Abolish S€nzala Cafés & Co.

Filipa César

Filipa César is an artist and filmmaker interested in the fictional aspects of the documentary genre, the porous borders between cinema and its reception, and the politics and poetics inherent to the moving image. Her practice takes media as a means to expand or expose counter-narratives of resistance to historicism. Filipa César curated the 2021 Porto Summer School on Art & Cinema, parts of which manifested as the Survivance edition of HKW’s New Alphabet School. 

Still from Mourir un peu – Part 2 by Saguenail & Regina Guimarães, 1983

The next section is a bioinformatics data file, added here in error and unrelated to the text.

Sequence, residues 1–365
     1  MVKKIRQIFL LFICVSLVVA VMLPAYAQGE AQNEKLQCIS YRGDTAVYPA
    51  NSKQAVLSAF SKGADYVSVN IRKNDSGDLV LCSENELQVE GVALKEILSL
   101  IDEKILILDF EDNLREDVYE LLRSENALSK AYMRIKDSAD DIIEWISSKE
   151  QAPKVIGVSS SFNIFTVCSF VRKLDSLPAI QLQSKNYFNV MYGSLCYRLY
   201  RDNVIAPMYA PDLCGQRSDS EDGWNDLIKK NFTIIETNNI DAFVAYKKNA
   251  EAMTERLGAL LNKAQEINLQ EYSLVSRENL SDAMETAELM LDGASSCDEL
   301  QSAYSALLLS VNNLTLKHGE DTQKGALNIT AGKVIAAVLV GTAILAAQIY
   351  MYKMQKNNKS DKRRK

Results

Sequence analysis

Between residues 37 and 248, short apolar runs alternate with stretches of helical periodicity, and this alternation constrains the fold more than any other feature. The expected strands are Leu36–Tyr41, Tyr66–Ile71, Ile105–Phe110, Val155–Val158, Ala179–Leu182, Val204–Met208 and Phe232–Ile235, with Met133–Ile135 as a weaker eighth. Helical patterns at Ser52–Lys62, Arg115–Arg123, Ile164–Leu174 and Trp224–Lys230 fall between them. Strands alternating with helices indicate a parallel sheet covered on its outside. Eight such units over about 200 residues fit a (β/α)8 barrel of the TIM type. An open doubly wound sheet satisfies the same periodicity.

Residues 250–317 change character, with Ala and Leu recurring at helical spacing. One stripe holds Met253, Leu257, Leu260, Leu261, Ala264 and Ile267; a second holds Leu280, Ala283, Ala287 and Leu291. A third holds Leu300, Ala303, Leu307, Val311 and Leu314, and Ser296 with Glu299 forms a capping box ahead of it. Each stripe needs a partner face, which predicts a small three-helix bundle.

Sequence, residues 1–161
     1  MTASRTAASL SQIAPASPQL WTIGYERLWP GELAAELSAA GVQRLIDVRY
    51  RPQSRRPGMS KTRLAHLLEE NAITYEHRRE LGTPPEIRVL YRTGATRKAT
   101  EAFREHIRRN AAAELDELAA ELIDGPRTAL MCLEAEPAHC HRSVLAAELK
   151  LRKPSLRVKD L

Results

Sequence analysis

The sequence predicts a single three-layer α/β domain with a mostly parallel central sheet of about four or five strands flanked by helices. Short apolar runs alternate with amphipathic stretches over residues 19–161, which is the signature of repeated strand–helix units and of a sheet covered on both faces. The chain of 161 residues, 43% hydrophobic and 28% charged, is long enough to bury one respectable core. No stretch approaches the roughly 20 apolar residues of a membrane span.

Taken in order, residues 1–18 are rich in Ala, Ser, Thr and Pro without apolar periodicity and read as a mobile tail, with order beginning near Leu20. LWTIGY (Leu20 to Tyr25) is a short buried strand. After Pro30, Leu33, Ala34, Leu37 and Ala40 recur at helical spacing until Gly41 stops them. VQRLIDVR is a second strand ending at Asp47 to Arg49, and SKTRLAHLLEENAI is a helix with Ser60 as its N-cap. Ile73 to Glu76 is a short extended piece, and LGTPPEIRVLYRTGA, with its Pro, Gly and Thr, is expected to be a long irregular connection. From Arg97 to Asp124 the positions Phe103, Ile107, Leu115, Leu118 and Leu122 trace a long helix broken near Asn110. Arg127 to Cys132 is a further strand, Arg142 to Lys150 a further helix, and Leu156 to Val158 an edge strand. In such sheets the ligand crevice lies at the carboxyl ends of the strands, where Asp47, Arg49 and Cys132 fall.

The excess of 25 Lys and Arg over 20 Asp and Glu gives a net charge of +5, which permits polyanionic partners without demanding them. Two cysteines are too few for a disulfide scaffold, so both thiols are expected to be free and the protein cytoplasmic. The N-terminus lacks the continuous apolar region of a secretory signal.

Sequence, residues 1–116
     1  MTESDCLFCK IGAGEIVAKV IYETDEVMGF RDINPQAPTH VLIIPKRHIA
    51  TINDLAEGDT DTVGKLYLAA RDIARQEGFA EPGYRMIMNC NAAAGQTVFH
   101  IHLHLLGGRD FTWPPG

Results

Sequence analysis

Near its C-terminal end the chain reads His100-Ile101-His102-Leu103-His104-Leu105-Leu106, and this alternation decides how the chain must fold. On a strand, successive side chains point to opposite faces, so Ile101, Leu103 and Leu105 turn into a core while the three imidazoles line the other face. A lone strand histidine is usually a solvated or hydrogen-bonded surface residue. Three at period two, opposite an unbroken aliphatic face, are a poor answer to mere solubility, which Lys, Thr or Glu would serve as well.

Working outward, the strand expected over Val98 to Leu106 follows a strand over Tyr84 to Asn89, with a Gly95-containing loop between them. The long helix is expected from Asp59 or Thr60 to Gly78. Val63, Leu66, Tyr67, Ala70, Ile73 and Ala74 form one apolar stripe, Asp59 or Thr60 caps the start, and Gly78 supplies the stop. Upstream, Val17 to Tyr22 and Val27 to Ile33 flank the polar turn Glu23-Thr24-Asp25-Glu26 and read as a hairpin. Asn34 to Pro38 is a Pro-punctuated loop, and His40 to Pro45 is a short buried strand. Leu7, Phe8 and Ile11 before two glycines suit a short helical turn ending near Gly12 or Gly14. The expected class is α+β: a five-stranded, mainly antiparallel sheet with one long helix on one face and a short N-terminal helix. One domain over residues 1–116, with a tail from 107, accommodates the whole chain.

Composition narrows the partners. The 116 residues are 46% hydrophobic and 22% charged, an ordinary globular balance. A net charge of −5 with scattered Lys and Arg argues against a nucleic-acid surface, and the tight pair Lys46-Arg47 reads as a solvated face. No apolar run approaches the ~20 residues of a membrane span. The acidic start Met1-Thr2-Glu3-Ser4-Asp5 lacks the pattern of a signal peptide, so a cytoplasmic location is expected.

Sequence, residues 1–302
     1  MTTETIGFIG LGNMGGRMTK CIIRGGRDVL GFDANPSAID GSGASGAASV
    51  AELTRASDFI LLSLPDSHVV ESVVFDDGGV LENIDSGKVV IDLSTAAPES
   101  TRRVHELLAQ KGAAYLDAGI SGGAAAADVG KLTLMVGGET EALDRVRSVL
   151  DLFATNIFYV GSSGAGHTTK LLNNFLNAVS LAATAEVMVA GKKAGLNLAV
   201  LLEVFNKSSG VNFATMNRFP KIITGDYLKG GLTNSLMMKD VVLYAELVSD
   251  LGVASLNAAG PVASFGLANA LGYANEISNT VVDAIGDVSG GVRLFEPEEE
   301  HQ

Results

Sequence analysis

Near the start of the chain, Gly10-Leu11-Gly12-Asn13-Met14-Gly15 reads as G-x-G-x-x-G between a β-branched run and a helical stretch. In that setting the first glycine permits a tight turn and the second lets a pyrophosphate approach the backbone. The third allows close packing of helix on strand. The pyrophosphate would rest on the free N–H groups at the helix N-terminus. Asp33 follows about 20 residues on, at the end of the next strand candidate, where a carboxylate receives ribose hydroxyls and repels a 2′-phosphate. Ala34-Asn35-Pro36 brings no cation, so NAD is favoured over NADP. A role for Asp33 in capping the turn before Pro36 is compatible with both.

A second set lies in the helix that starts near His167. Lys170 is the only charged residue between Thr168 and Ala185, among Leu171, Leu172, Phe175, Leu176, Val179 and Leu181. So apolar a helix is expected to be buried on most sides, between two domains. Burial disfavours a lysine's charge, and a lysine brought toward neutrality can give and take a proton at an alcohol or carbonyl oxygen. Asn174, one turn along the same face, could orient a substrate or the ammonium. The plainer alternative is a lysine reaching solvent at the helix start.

Porto, July 4th 2021 — I gathered with my friends and colleagues in Porto to prepare the presentation kal ki bu luta? (What is your struggle?) and the Mangrove School presentations[1]. Sónia Vaz Borges, Marinho de Pina, Vá da Costa, Sérgio Pereira and I went to the officially designated event restaurant. Right after crossing Av. da Boavista, as we were about to go into the dining room, we stared at the ox-blood sign on the right side of the restaurant’s entrance. Marinho commented: We just arrived from Guinea and are sent right to the sanzala. In Portugal, sanzala is a well known word for the dwellings of enslaved people in the colonial plantation systems. After we sat down to order, our curiosity piqued, and we wondered — why is this old and obsolete sign still hanging? Does the brand still even exists? Then we saw that the entire coffee service, the plates and cups, were printed with Sanzala Cafés. Stunned, we turned to our smartphones— Born in the heart of Oporto, Sanzala is a brand with history. Traditional and sober, […] The brand was born in 1963 at a shop in the historic Oporto area and became a reference […][2]. 1963— a loaded reference for a good coffee with a loaded date in Portugal’s recent past. It marks not only the outbreak of the liberation war in Guinea Bissau, following Angola in 1961 and Mozambique in 1962, but also the period when the so-called retornados, usually white Portuguese settlers, were returning to Portugal, fleeing from the anti-colonial wars in Africa. Due to their business connections in the occupied territories, they often opened cafés that had the style of colonial heterotopias evoking the imaginaries of lost empires. This particular subject is insightfully articulated in the experimental film series Mourier un peu[3] from the early eighties by Regina Guimarães & Saguenail. The second part is set in cafés named Ceuta, Padrão, Bissau, Angola, Congo, Café Cabo Verde, Lobito, Luanda, Vasco da Gama, Diu, Goa, Macau, Java, América, Brasil, S. Paulo, Caravela, Sagres, and so on. All references to sites of imperial domination and extension of Portugal’s pouca terra (few land).